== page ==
By Fr. Demetrios Bokou
Christ once stigmatized many things of the behavior of the Scribes and Pharisees. Among other things, He mentioned that they dealt diligently and meticulously with totally secondary matters, while they were completely indifferent to the most important and basic matters requested by God.
"Woe to you, Scribes and Pharisees, hypocrites! You give a tenth of your spices -- mint, anise and cumin. But you have neglected the weightier matters of the law -- justice, mercy and faithfulness. You should have practiced the latter, without neglecting the former" (Matt. 23:23).
Your whole attention, He says, is given to contributing a tenth (or tithe) of the mint, anise and cumin to the Temple, while to the heavier matters of the law -- justice, love and honesty that makes you trustworthy, you give no interest! However, it is with the latter that you should primarily occupy yourselves, without neglecting of course the minor matters.
These words of Christ remind us of a phenomenon of our time. Christians show great diligence to make the Phanouropita on the day of the feast of Saint Phanourios (as well as other days), and they run to the church to have them "read" over. This reverence towards the Saint is not reprehensible. Just the opposite. The question however is: Are they dealing with the same diligence with "the weightier matters of the law"? With "justice, mercy and faithfulness"?
Perhaps we remain in an external form of religiosity that does not cost anything? Perhaps in one part of our life we carry candles, offerings and the Phanouropita to church, but beyond these things nothing? What does God say about this? "I desire mercy not sacrifice" (Hos. 6:6). I don't want your offerings and sacrifices, but your philanthropy and compassion. I want your hearts full of love for each other. I want a sacrifice of pain by which your hearts are transformed, and not the relaxed offering of a cheap, formal and superficial religiosity.
But why does the Lord abhor offerings and sacrifices since, after all, He Himself defines in the law to offer them? Simply because the souls of those making the offerings are unclean from sin. "Because this people draw near with their mouth and honor Me with their lips, while their hearts are far from Me, and their fear of Me is a commandment taught by men" (Is. 29:13).
The Prophet Isaiah illustrates this elsewhere as well, because such feigned piety is unnecessary.
"The multitude of your sacrifices — what are they to Me?" says the Lord. "I have more than enough of burnt offerings, of rams and the fat of fattened animals; I have no pleasure in the blood of bulls and lambs and goats. When you come to appear before Me, who has asked this of you, this trampling of My courts? Stop bringing meaningless offerings! Your incense is detestable to Me. New Moons, Sabbaths and convocations — I cannot bear your worthless assemblies. Your New Moon feasts and your appointed festivals I hate with all My being. They have become a burden to Me; I am weary of bearing them. When you spread out your hands in prayer, I hide My eyes from you; even when you offer many prayers, I am not listening. Your hands are full of blood! Wash and make yourselves clean. Take your evil deeds out of My sight; stop doing wrong. Learn to do right; seek justice. Defend the oppressed. Take up the cause of the fatherless; plead the case of the widow. Come now, let us settle the matter," says the Lord. "Though your sins are like scarlet, they shall be as white as snow; though they are red as crimson, they shall be like wool" (Is. 1:11-18).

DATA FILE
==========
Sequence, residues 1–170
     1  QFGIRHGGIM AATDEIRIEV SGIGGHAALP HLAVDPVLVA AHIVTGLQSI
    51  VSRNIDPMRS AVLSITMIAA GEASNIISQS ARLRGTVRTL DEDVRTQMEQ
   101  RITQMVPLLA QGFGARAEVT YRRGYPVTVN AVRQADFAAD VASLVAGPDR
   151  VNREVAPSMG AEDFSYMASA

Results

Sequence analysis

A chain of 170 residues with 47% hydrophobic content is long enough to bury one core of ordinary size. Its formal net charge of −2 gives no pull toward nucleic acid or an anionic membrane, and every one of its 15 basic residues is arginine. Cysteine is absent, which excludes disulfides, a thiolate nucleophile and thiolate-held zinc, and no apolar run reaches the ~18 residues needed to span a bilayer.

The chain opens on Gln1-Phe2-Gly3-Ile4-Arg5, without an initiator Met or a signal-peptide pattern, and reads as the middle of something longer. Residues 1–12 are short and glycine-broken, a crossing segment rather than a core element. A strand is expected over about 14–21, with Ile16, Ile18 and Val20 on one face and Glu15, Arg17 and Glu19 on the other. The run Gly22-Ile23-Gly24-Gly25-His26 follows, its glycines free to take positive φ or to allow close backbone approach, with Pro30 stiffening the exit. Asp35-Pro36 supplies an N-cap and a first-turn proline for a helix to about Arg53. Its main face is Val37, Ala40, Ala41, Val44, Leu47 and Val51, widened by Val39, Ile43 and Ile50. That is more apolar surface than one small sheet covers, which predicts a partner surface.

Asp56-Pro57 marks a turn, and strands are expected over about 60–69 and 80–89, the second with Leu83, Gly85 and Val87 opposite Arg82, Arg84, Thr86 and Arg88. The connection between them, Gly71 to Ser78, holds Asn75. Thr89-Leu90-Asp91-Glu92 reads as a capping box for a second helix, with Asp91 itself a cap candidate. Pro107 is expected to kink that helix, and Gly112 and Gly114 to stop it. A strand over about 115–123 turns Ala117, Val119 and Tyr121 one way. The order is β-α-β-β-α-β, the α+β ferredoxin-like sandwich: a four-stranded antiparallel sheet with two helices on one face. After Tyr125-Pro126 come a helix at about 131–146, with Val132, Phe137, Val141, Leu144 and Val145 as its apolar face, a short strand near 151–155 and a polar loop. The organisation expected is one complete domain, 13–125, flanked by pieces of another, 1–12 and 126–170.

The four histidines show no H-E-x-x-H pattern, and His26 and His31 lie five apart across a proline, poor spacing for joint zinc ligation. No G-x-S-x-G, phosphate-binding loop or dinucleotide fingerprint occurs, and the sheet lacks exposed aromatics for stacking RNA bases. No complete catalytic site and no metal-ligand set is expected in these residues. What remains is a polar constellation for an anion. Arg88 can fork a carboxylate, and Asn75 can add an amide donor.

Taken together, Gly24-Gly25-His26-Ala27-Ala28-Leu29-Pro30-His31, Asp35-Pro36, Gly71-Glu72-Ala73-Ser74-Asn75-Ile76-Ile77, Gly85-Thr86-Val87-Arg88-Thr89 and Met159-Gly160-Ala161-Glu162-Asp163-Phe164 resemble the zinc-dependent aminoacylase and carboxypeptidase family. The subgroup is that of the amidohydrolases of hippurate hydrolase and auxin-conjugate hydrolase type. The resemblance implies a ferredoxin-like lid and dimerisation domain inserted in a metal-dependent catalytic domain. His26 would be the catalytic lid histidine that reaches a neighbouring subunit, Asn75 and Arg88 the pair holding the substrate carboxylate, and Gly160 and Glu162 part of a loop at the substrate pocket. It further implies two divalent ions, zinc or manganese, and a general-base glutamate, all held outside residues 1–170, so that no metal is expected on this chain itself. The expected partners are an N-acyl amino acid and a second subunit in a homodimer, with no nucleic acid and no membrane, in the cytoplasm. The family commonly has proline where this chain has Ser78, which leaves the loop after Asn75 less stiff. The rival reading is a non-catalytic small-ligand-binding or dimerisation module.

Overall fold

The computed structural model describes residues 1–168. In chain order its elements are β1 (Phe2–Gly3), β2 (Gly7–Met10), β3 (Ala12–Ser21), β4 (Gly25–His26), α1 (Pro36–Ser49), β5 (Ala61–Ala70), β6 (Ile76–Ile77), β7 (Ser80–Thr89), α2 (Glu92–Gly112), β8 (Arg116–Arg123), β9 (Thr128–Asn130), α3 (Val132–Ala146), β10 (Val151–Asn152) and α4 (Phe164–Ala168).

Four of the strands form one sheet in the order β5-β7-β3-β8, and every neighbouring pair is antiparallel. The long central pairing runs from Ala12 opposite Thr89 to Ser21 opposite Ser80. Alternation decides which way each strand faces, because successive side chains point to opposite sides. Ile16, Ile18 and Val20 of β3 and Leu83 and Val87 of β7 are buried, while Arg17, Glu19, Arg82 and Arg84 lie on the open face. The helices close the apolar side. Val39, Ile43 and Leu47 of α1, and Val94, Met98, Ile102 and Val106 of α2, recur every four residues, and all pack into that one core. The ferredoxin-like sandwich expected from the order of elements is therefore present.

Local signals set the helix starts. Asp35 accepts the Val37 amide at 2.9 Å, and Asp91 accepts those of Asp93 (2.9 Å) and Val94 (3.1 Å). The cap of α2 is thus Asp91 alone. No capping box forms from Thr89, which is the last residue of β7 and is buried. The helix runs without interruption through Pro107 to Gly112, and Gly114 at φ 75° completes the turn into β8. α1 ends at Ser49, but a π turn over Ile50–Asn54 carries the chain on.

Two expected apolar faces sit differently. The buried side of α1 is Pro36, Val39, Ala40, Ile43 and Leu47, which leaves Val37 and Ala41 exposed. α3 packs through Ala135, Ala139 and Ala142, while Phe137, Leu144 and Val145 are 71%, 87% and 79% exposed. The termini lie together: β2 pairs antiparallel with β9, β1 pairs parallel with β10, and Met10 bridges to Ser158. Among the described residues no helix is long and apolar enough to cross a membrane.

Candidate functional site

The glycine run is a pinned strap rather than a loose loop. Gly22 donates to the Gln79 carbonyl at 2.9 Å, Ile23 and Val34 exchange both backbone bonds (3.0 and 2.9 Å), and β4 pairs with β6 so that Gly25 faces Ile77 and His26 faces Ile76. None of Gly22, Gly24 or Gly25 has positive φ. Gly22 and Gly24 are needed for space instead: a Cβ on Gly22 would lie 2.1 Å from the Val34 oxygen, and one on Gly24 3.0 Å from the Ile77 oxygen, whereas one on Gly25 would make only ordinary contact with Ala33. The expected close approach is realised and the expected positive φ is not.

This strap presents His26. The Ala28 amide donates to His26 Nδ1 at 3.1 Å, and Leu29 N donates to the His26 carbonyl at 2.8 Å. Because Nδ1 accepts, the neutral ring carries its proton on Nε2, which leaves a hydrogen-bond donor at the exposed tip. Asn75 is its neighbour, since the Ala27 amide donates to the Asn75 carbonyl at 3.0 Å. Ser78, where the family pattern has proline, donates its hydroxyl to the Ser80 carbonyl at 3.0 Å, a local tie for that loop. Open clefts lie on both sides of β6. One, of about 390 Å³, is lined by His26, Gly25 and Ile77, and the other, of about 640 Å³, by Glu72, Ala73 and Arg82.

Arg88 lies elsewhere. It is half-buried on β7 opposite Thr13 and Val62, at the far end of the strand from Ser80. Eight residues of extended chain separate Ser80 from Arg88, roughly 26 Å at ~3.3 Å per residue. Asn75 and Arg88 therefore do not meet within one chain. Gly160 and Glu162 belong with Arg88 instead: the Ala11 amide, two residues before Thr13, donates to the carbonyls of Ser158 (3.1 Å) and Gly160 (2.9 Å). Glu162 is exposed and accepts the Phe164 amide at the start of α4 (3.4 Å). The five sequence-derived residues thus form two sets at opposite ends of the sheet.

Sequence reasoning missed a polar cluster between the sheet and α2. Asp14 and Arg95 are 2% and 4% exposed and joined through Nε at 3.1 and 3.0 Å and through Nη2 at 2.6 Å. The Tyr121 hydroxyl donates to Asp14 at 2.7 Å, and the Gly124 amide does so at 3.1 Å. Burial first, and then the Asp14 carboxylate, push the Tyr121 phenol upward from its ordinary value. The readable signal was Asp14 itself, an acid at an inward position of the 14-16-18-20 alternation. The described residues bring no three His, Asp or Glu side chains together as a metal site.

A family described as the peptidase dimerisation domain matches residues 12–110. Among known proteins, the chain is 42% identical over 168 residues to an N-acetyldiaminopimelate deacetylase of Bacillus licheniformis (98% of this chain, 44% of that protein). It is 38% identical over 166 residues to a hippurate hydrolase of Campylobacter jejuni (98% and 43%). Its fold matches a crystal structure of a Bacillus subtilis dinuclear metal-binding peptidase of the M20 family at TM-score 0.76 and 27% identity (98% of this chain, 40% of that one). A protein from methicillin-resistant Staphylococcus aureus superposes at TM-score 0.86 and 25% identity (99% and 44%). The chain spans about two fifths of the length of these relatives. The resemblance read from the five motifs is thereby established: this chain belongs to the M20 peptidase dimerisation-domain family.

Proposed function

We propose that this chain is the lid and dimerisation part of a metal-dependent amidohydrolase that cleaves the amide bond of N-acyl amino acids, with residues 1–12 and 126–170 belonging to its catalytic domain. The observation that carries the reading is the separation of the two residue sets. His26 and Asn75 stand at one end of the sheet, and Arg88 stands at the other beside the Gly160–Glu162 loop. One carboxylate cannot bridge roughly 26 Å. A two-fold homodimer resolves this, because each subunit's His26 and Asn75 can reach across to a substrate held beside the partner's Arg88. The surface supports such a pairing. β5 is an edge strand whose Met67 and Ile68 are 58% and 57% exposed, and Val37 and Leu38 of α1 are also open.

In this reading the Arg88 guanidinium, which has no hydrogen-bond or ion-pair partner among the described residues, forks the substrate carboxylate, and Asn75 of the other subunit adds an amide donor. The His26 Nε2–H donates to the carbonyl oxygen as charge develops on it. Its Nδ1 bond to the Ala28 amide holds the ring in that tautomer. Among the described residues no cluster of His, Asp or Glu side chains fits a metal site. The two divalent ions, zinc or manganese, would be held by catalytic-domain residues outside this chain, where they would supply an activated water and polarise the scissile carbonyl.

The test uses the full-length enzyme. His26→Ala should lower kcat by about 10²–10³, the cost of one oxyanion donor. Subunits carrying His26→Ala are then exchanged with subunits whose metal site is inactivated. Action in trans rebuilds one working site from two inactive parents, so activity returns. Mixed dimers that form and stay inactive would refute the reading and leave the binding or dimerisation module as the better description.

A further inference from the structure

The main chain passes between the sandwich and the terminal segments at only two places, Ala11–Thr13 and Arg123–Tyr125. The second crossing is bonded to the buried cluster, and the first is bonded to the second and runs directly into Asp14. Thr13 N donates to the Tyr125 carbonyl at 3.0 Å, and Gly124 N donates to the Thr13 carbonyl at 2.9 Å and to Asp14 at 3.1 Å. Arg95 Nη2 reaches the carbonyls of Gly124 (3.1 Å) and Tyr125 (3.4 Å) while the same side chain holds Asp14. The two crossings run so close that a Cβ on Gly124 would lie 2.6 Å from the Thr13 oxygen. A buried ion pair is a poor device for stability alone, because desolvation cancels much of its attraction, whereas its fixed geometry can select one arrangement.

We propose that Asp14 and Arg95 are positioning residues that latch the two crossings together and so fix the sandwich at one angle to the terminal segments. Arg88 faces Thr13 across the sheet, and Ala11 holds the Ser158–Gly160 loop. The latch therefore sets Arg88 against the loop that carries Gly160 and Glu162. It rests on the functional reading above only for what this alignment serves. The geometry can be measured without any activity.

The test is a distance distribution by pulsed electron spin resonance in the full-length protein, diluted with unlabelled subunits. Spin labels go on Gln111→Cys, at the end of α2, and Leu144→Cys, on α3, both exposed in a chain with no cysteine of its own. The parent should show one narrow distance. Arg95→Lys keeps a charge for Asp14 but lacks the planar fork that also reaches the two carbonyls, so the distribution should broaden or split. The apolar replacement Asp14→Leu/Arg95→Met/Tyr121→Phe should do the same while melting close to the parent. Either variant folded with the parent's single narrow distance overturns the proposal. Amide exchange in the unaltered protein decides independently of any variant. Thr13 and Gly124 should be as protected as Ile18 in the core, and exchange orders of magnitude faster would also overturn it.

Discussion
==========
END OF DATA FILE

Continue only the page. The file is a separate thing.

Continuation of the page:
Perhaps this happens to us? Do we care about the purity of our souls from sin with the same diligence we show towards the Phanouropita? The Lord does not ask of offerings from us. He does ask us, however, to banish all evil, every sinful passion from our heart. Rather we should fill our hearts with mercy, compassion and love for every creature.
When we do this, then our offerings will have value. Without the preparation of our souls, everything loses its meaning. We will find ourselves in the position of the man who went to the royal wedding without the proper clothing, with the result that we are thrown into the worst and darkest jail (Matt. 22:1-14). In the position of the virgin girls, who, following a shallow religiosity, were excluded from the marriage feast because they ran out of oil for their oil lamps. Their vessels lacked oil (elaion, which in Greek also means mercy), because they neglected to fill it (namely their hearts) with oil (elaion) earlier (Matt. 25:1-13).
What a terrible disappointment, to run to church throughout our life with lamps, candles and Phanouropita, and in the end to hear Christ say to us: "I never knew you" (Matt. 7:23)! To enter His radiant bridal chamber and in the last moment to realize "we have no garment to enter therein". Won't this be a shame, just for some leaves of "mint and anise", to exclusively monopolize our attention on these and in the end "remain outside the bridal chamber"?
Let us make our Phanouropita in order for Saint Phanourios to show us the way. The way towards salvation, which passes through "the weightier matters of the law -- justice, mercy and faithfulness."
Source: Translated by John Sanidopoulos.